Warspite, Mount

Trip Details
Attained Summit?: 
Trip Date: 
Tuesday, August 14, 2007
Summit Elevation (m): 
Summit Elevation (ft): 
YDS Class: 
4th Class
Difficulty Notes: 

A fall on the crux would severely injure or kill so take necessary precautions.

Trip Report

Trip Report

After spending 2 weeks on a family vacation in Kelowna (and I mean my wife's whole family and their offspring - around 30 people!) I was ready for the serenity of a rarely climbed peak. Tuesday, August 14 2007 proved to be the perfect day for a mid-week scramble up Mount Warspite.

Wietse and I had been planning a jaunt up Mount Hector with an experienced local climber named Scott Berry. For some reason I felt very strongly that we would be unsuccessful on this venture and besides I've wanted to ski Mount Hector for a while already. On the morning of our departure I still insisted that we should change our objective if we wanted to successfully attain a summit.

After some deliberation, Scott suggested Mount Warspite. I've been interested in this peak for a while already and since it offered the chance for a two peak day (combined with Mount Invincible) I thought it was a perfect backup choice. Wietse was disappointed in the change of plans but since he was out voted he decided to play nice and agree to the change. Such a nice guy eh? :-)

Some mountains actually have a more memorable approach trail than the actual scrambling or climbing, and according to me, Mount Warspite is one of these peaks. The hike up to tree line and to the base of the scree ramp is simply gorgeous. Even if you don't desire to scramble up to the peak, you owe it to yourself to check out the sublime alpine valley above the lower lake and below the upper one. On the way down we spent over an hour just lounging around, listening to Scott's infamous avalanche tale (you'll have to ask him - it's an AMAZING story of survival) and soaking up the afternoon sunshine and smell of wild flowers. I have never seen so many flowers on a hike before, so if you're into flowers don't forget that macro lens, like I did. I'll be back some day with that lens!

The scrambling bits on Mount Warspite are nothing to look forward to. Like many other Rockie's scramble routes, it's mainly a scree bash with very little hands-on scrambling. I tried to stick to snow on the approach ramp to the col between Black Prince and Warspite and this was a good choice, I think. I would recommend climbing this mountain when there's a bit more snow - it would be much more enjoyable but possibly a bit more advanced if the snow was hard (crampons) or too loose (avalanche). As a matter of fact, we all thought that Warspite did not deserve a 'difficult' rating when dry. Maybe Kane did this peak with snow on it but other than really loose rock, it's upper 'moderate' at most.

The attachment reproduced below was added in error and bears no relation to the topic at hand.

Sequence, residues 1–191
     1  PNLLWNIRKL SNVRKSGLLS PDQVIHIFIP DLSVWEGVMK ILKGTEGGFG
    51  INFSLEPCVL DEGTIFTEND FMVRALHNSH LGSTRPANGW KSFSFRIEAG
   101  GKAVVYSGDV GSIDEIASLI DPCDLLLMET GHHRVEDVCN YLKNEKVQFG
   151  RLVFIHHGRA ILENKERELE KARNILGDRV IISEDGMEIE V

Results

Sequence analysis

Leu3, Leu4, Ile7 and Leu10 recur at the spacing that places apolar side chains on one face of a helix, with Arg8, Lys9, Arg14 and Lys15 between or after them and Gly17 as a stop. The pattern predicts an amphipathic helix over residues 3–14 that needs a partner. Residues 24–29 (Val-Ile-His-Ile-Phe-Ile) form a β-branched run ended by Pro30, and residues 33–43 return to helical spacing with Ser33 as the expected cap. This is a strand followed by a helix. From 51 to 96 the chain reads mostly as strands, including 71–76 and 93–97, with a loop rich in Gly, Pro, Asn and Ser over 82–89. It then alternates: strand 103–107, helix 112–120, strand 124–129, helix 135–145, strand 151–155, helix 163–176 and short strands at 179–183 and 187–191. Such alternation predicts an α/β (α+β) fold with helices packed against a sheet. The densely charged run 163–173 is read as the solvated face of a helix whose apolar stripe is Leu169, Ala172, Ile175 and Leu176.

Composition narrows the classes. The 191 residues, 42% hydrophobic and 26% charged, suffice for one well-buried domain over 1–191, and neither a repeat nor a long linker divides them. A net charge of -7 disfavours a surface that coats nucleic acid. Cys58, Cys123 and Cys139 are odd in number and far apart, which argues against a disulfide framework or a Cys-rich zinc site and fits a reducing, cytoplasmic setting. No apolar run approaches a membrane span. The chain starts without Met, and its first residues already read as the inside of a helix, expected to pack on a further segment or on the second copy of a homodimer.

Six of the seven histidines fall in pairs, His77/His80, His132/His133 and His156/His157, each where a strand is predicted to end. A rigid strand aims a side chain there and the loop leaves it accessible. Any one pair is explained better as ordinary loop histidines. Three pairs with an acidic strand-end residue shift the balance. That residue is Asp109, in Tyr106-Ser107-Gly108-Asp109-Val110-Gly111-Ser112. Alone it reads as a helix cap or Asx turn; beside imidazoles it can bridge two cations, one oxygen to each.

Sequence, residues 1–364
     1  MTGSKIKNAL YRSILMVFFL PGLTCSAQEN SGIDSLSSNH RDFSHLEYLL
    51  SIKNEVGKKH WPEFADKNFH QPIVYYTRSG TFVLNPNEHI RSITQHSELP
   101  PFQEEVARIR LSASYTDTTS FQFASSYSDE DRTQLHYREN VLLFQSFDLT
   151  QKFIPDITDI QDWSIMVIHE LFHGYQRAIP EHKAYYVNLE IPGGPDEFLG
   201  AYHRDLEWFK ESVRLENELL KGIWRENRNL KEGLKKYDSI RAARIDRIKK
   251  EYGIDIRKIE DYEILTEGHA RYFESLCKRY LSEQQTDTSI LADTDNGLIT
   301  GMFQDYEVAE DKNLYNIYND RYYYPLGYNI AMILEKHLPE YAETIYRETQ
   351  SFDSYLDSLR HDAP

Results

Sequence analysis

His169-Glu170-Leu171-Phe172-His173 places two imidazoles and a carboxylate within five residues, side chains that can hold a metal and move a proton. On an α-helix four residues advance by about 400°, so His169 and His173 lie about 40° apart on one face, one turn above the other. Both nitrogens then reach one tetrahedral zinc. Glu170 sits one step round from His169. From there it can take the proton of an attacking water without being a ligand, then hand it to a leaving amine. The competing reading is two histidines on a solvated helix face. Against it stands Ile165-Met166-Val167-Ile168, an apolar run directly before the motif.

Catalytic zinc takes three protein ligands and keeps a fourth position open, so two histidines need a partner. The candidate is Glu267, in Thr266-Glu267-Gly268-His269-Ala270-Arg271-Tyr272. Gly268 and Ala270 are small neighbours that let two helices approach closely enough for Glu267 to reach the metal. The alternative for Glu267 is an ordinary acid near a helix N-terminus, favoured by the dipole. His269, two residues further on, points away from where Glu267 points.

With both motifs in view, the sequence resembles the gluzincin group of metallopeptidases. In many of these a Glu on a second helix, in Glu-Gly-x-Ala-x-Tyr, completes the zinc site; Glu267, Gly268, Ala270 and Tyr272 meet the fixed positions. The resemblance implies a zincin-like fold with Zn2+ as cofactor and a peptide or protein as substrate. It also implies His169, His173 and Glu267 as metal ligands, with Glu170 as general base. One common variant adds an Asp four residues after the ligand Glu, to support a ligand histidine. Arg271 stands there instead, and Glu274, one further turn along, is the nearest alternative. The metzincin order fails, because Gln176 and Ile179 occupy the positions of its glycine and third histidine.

So why do you want to scramble this pile of loose choss? Because the approach hike is awesome and the views from the top are simply stunning. From Joffre in the south to Sir Douglas to the west the view includes the impressive Royal Group and many of the Kananaskis Lakes and Spray Lakes mountains.

It turns out that our decision to abandon an attempt on Hector was a good one. When Scott and I suggested the traverse over to Invincible, Wietse admitted he had a nasty stomach ache and we had to abort the traverse. We will be back to do it some day, because in all honesty that looked like the most entertaining part of the day. It also looked very doable to attach Invincible from the mining road that Kane mentions, as a day trip on its own. I'll let you know how that one goes when I get around to it.

A young grizzly crosses the road at the junction of highway 40 and kananaskis trail.
The lower meadows on the approach to the headwall leading to the upper valley is still beneath the morning cloud cover.
The morning cloud starts to dissipate as we get higher and higher.
Some dramatic views across the top of the clouds filling the spray valley.
Wietse and Scott grunt up the horrible scree on the way to the Warspite / Black Prince col.
A stunning view opens up once you ascend a good part of Warspite's south side towards the Kananaskis Lakes.
The Spray Valley range includes peaks like Tent Ridge, Lawson, Inflexible, Chester and Galatea among many others.
This view towards Mount Sir Douglas also reveals Mounts Robertson, French, Jellico and Smith Dorrien along with the Haig Glacier and the Black Prince tarn.
Vern, Scott and Wietse on the summit of Mount Warspite.
A close-up view of Mount King George and Prince Albert.
Mount Joffre shows up in this telephoto from the summit of Mount Warspite.
A close-up of Mount Sir Douglas shows the couloir route isn't in shape right now.
A classic shot of the Royal Group with Northover Ridge in front of them. If I keep getting shots like this of these mountains I'm going to have to climb them some day... :-)
Summit panorama (click to view full size).
Wietse and Scott descend the southwest ridge of Warspite.
A view of the traverse over to Mount Invincible (third bump along the ridge). If you look carefully you can see the mining road bumping up against the north descent ridge of Invincible.
Scott finds an awesome viewing platform on the way down.
This is why the mountain is rated 'difficult'. It's loose and somewhat exposed.
Wietse and Scott on the final section of the upper ridge just before coming back down to the Black Prince / Warspite col.
The ascent route as seen from the col on the way down. You can spot the two towers that Kane mentions in the upper left of the picture.
Did I mention the flowers?! There were a lot of them!
Warspite Cascade is a calming diversion on the beat back down the trail.


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